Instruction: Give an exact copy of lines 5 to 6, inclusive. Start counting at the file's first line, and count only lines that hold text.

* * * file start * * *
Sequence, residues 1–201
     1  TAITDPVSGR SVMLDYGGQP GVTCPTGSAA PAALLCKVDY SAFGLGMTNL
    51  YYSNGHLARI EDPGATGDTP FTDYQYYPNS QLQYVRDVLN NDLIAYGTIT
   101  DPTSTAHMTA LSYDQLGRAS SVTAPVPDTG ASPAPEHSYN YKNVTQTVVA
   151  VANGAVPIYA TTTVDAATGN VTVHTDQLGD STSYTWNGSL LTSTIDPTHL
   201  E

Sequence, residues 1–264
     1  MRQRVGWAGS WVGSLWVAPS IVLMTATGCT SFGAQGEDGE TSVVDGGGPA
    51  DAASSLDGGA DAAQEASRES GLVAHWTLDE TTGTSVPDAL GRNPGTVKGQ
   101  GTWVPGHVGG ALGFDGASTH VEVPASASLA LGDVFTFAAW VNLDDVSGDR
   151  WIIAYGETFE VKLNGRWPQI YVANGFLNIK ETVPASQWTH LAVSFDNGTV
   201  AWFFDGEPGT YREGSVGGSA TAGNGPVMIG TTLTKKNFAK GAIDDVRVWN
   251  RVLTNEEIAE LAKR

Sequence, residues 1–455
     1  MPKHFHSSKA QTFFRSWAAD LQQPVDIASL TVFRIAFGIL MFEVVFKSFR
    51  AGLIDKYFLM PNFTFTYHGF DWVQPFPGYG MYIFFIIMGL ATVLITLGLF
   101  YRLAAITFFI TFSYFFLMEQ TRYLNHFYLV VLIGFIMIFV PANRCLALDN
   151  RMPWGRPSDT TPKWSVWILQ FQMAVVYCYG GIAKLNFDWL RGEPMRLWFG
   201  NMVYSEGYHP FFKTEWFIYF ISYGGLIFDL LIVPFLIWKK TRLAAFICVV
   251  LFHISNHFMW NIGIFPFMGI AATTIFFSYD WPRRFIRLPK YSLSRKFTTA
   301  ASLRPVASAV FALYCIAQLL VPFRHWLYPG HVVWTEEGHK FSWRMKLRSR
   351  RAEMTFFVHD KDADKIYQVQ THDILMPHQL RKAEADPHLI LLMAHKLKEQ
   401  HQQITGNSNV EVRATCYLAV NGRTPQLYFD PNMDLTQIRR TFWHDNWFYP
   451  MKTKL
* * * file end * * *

   151  VANGAVPIYA TTTVDAATGN VTVHTDQLGD STSYTWNGSL LTSTIDPTHL
   201  E